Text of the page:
FOR the second successive year, pubs remained closed to customers on Good Friday, but for very different reasons other than what was traditionally the case.
Legislation may have been passed in the Dáil in 2018 permitting pubs to open and serve alcohol on the religious holiday for the first time since 1927, but Covid-19 has forced the closure of pubs for the past two Good Fridays.
Over the past 12 months pubs, apart from gastropubs and bars with a restaurant licence, have gone without pulling a pint.
The Reg Bar and Restaurant was among the fortunate few holding a restaurant licence which meant it could remain open for takeaway, but it chose to shut its doors just before the country entered its third Level 5 lockdown.
At the time, The Reg’s General Manager, Donal O’Brien felt it was the safest thing to do for staff and customers.
“Throughout the pandemic our priority has and will be the safety of everyone,” he said. “Following pubs being allowed to open on Good Fridays for the first time in my lifetime in 2018, we have just been through two Good Fridays of closure for a different manner.”
Mr O’Brien continued: “I want to thank our loyal staff who were at the ready in the last year to reopen and the customers who visited when they could. We proved that restaurants and bars proved they can be a safer environment for people to socialise, with zero cases of Covid being linked to us, despite large numbers of customers coming in and out of our premises. Unlike private households, we had structured measures in place to ensure compliance with Government guidelines and, as the saying goes, what gets measured gets managed.”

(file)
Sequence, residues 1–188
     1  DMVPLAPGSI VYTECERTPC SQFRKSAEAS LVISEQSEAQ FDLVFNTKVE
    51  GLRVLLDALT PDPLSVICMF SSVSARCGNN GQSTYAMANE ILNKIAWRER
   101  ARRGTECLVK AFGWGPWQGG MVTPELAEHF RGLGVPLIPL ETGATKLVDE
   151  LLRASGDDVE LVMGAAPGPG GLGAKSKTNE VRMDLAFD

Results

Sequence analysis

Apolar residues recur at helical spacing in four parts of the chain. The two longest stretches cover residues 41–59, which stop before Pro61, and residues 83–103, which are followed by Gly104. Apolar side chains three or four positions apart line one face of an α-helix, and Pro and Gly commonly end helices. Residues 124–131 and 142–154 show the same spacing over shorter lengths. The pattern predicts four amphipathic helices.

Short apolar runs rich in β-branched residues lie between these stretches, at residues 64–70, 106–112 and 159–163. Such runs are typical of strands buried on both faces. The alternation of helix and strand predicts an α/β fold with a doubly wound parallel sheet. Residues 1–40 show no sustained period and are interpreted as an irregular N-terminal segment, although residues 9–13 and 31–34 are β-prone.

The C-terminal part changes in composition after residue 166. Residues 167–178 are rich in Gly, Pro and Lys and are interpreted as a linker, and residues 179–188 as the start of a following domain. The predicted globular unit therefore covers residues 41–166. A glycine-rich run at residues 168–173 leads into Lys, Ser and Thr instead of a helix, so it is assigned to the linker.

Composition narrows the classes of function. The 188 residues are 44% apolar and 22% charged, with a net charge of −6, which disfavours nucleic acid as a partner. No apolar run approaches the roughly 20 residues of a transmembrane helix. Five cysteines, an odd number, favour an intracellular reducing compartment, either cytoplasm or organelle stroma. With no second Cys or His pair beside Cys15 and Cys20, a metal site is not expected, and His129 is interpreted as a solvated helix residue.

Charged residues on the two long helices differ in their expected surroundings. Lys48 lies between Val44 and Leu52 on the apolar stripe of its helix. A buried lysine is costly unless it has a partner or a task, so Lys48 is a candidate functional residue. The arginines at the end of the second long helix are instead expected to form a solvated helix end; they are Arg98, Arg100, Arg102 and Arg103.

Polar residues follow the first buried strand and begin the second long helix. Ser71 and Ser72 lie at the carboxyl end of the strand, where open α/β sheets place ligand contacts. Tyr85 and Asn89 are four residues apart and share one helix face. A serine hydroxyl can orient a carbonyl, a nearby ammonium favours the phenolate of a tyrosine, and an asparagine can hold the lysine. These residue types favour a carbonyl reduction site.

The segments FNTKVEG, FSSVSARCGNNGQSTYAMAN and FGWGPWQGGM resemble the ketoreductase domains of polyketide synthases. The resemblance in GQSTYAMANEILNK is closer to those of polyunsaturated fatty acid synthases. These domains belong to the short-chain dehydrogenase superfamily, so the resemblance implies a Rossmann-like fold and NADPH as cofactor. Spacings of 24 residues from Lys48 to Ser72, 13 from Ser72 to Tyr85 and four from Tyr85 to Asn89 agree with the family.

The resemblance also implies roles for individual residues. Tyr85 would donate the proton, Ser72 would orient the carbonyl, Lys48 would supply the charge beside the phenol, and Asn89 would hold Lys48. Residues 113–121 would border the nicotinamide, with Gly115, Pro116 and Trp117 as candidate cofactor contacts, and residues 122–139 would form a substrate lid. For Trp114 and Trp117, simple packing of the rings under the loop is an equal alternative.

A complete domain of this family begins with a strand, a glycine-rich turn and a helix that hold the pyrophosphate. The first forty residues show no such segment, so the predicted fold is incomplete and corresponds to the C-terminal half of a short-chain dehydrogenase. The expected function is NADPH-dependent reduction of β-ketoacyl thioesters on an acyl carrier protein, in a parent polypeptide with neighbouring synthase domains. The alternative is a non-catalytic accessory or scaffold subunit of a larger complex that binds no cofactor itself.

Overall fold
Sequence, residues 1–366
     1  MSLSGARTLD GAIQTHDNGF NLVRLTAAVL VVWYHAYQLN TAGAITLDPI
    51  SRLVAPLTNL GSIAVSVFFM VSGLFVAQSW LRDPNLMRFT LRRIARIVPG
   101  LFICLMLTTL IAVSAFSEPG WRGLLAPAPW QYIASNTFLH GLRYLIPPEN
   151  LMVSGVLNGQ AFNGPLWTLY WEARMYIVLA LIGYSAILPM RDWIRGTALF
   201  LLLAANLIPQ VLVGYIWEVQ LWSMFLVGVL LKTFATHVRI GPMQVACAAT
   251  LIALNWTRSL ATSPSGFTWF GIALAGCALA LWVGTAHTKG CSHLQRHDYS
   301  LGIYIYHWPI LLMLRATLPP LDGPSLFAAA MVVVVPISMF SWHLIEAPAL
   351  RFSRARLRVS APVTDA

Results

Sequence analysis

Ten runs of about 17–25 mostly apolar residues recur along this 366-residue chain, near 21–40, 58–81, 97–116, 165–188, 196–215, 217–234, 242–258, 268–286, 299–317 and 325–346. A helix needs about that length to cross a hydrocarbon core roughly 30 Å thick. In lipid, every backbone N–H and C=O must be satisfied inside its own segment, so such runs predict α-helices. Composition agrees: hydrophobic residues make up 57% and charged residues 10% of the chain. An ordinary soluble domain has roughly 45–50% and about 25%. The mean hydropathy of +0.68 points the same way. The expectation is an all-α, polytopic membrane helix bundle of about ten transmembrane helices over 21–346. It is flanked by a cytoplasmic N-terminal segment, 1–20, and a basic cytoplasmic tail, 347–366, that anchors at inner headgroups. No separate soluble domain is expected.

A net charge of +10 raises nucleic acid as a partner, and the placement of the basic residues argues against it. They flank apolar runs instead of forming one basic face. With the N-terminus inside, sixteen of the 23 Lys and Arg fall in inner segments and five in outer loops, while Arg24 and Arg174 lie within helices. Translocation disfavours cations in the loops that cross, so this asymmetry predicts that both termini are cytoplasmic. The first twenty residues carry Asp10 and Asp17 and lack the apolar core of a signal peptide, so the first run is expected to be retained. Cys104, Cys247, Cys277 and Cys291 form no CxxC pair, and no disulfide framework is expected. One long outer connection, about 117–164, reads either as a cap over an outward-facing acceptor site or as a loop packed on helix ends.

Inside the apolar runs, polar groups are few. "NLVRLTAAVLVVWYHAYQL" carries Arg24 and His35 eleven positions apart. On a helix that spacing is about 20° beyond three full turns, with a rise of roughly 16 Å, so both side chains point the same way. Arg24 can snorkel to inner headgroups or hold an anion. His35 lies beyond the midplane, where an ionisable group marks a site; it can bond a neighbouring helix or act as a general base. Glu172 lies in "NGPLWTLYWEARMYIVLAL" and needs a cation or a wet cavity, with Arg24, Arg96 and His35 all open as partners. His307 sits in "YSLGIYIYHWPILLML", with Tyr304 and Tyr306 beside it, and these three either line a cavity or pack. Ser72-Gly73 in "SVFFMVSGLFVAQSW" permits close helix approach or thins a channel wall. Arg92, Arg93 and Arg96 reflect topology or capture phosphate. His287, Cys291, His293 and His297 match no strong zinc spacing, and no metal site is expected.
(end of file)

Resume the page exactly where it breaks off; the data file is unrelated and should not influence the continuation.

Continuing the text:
The Government’s latest plan to ease Covid-19 restrictions has been criticised by hospitality industry groups. Mr O’Brien found the lack of any indication or timeline regarding the reopening of the industry to be “astounding and appalling”.
“The Government has shown disregard and disrespect for the thousands of hardworking people in our industry and continue to add to the uncertainty and increased anxiety being suffered by so many,” he said. “The industry has lost many skilled hospitality staff, who have moved to other industries that have thrived during the Pandemic, and others are sure to follow suit as we continue to wonder what the hell is going on at Government level.”
According to Mr O’Brien, the industry as a whole would welcome any business supports made available.
“Whilst grants for outdoor dining spaces are positive for some, most premises do not have to ability to avail of outdoor spaces and our weather is not suitable to year-round outdoor hospitality by any means. So the Government needs to give is clarity on concrete financial supports over the next 12 months and beyond, such as reduced VAT, continuing wage subsidies, no Commercial Rates in 2021, and whatever other measures that can ensure a very low cost base for business to survive. Locals and tourists want variety in terms of pubs and restaurants so we need as many as possible to get through this.
“We don’t even expect dates, just some parameters that may indicate under what conditions people can get back to work and get out for a well-deserved pint,” said Mr O’Brien.